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Logo of bmcnursBioMed Centralsearchsubmit a manuscriptregisterthis articleBMC Nursing
BMC Nurs. 2006; 5: 6.
Published online Sep 19, 2006. doi:  10.1186/1472-6955-5-6
PMCID: PMC1599729

Breast cancer risk factor knowledge among nurses in teaching hospitals of Karachi, Pakistan: a cross-sectional study

Abstract

Background

Breast cancer is the most common cancer among women in both the developed and the developing world. The incidence of breast cancer in Karachi, Pakistan is 69.1 per 100,000 with breast cancer presentation in stages III and IV being common (≥ 50%). The most pragmatic solution to early detection lies in breast cancer education of women. Nurses constitute a special group having characteristics most suited for disseminating breast cancer information to the women. We assessed the level of knowledge of breast cancer risk factors among registered female nurses in teaching hospitals of Karachi. We also identified whether selected factors among nurses were associated with their knowledge of breast cancer risk factors, so that relevant measures to improve knowledge of nurses could be implemented.

Methods

A cross-sectional survey was conducted in seven teaching hospitals of Karachi using stratified random sampling with proportional allocation. A total of 609 registered female nurses were interviewed using a structured questionnaire adapted from the Stager's Comprehensive Breast Cancer Knowledge Test. Knowledge of breast cancer risk factors was categorized into good, fair and poor categories. Ordinal regression was used to identify factors associated with risk knowledge among nurses.

Results

Thirty five percent of nurses had good knowledge of risk factors. Graduates from private nursing schools (aOR = 4.23, 95% CI: 2.93, 6.10), nurses who had cared for breast cancer patients (aOR = 1.41, 95% CI: 1.00, 1.99), those having received a breast examination themselves (aOR = 1.56, 95% CI: 1.08, 2.26) or those who ever examined a patient's breast (aOR = 1.87, 95% CI: 1.34, 2.61) were more likely to have good knowledge.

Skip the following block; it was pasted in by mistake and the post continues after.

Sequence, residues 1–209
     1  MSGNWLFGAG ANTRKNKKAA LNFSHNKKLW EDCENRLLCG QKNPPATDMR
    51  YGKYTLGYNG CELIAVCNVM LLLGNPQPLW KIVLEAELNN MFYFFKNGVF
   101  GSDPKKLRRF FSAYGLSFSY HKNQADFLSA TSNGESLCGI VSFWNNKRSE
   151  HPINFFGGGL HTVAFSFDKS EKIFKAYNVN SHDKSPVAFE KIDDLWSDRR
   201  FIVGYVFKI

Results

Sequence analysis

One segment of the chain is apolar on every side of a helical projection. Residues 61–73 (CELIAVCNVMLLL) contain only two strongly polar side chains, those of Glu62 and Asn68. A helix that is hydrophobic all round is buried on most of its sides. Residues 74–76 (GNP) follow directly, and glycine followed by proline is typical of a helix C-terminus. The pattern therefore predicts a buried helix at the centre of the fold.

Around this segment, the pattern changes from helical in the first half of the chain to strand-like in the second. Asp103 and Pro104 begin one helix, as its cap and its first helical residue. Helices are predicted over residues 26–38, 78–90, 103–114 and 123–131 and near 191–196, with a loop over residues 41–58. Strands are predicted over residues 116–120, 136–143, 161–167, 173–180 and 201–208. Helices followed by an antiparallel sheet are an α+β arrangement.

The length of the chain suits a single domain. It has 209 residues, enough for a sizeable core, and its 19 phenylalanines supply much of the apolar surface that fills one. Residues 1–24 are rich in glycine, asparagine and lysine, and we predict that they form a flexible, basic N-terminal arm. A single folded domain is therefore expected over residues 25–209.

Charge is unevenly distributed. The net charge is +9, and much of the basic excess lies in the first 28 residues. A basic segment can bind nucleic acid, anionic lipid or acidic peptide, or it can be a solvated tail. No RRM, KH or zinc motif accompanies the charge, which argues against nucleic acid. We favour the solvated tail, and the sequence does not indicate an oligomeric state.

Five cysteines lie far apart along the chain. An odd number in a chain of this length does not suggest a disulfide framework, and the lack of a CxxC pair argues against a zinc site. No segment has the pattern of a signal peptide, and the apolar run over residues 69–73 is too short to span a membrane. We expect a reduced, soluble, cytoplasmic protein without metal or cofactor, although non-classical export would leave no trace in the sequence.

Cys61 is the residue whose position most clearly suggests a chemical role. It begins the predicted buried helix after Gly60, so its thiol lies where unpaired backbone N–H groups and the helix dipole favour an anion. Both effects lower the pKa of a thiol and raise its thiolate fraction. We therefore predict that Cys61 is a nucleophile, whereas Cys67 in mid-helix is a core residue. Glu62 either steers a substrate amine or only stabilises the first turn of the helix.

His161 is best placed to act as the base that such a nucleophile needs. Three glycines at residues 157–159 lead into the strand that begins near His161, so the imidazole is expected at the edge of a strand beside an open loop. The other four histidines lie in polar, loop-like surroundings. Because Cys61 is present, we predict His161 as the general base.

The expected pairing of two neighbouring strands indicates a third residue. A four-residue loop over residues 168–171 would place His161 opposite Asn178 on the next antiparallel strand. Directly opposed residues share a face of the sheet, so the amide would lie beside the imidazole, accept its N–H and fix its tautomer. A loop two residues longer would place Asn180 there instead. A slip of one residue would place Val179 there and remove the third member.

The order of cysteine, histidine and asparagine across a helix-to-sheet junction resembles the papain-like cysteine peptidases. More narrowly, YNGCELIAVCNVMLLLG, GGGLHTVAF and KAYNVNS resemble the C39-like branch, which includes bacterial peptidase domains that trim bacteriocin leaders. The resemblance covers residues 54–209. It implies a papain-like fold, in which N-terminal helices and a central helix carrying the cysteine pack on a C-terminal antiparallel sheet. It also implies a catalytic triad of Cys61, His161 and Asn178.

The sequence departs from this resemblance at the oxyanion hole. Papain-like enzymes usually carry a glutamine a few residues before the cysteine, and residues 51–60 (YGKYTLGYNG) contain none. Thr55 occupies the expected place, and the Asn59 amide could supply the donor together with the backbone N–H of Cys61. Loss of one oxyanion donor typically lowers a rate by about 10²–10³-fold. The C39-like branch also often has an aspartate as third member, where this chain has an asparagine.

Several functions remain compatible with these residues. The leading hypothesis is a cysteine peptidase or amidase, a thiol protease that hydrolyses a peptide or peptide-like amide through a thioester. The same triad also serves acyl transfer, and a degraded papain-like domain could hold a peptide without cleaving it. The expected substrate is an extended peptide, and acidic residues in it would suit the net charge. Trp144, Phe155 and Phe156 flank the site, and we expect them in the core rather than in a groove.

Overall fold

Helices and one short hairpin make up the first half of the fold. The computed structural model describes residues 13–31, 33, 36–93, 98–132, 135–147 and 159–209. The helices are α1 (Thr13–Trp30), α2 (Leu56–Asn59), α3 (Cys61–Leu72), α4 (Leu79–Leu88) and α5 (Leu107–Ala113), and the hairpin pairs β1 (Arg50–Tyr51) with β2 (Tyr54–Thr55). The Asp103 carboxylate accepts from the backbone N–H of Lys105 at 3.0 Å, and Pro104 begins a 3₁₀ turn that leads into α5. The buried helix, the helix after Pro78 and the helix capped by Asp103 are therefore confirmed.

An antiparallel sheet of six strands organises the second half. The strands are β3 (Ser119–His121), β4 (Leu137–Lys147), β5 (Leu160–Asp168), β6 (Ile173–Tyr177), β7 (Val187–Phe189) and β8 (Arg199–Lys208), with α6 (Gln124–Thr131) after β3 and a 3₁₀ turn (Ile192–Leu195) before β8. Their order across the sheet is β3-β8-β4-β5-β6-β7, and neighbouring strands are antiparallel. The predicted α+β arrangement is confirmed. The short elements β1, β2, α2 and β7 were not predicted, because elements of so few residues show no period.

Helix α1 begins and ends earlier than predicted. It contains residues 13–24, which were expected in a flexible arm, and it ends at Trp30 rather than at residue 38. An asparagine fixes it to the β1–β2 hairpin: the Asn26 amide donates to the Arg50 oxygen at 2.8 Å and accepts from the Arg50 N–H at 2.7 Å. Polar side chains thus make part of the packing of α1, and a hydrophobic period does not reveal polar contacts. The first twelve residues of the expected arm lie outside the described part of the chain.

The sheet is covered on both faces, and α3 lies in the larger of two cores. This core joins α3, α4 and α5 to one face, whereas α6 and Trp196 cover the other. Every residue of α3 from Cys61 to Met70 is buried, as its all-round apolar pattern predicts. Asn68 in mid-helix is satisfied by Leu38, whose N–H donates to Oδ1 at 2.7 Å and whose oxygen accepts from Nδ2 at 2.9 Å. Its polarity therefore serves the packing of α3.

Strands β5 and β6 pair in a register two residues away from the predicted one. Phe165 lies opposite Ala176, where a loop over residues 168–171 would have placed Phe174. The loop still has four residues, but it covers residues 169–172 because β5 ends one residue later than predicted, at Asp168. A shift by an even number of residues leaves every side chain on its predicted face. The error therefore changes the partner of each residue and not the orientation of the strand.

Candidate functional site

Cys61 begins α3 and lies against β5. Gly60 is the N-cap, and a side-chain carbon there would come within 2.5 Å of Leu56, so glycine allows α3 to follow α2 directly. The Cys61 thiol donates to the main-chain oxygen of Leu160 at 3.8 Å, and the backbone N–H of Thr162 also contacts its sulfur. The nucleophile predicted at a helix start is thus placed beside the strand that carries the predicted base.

Conclusion

A relatively small proportion of the nursing population had good level of knowledge of the breast cancer risk factors. This knowledge is associated with nursing school status, professional breast cancer exposure and self history of clinical breast examination. Since only about one-third of the nurses had good knowledge about risk factors, there is a need to introduce breast cancer education in nursing schools particularly in the public sector. Continuing nursing education at the workplace can be of additional benefit.

Background

Globally, breast cancer is the most common cancer among women [1]. Between 1975–1990, Asia and Africa have experienced a more rapid rise in the annual incidence rates of breast cancer than North America and Europe [2]. Karachi Cancer Registry, the only population based cancer registry in Pakistan, reports breast cancer as the most common cancer (34.6% of cancer cases) among females. The age-standardized incidence rate (to the world population) was 69.1 per 100,000 averaged over the years 1998–2002, the highest recorded rate of breast cancer in Asia [3]. Similarly in Lahore, another major city of Pakistan, breast cancer was the most common female cancer [4].

Pakistan faces a high burden of breast cancer disease with late stage presentation being a common feature. It has been seen that more than half of the patients present in advanced stages (stages III and IV) [5-12]. Regular clinical breast examination and mammography of women according to the internationally accepted guidelines can result in down-staging of breast cancer of asymptomatic women [3,13]. However, there are no national screening programs for breast cancer in Pakistan. In the Pakistani context, educating the women about the risks of breast cancer constitutes a first step towards early detection of breast cancer, so that women would be able to judge their risk and take relevant measures.

The important resources of dissemination of breast cancer knowledge to women are the health-care professionals, educational institutions and media. Among the healthcare professionals, female nurses comprise the group most suited for this purpose. In Pakistan a substantial number of nurses are women [14] and culturally, women patients are reluctant to go to male health care providers for problems such as breast diseases [5].

The nurses can play an important role in educating women through specially designed educational programs in the clinical setting, as well as, through community outreach strategies that suit our social and cultural setting. In addition, they constitute an important source of information within their social networks [15]. Since the nurses can have a major influence on the behavior of our women, they need to be knowledgeable themselves about breast cancer risk factors and the importance of early detection through screening.

Studies in the developing countries show diverse results ranging from poor to good knowledge about breast cancer. Among the Nigerian nurses, about half were well-informed of two out of five risk factors [16]. Sixty percent Iranian nurses correctly identified family history as a risk factor for breast cancer, while smaller proportions knew about other risk factors [17]. Most of the Jordanian nurses were able to correctly answer the general breast cancer questions which included risk factor questions [18].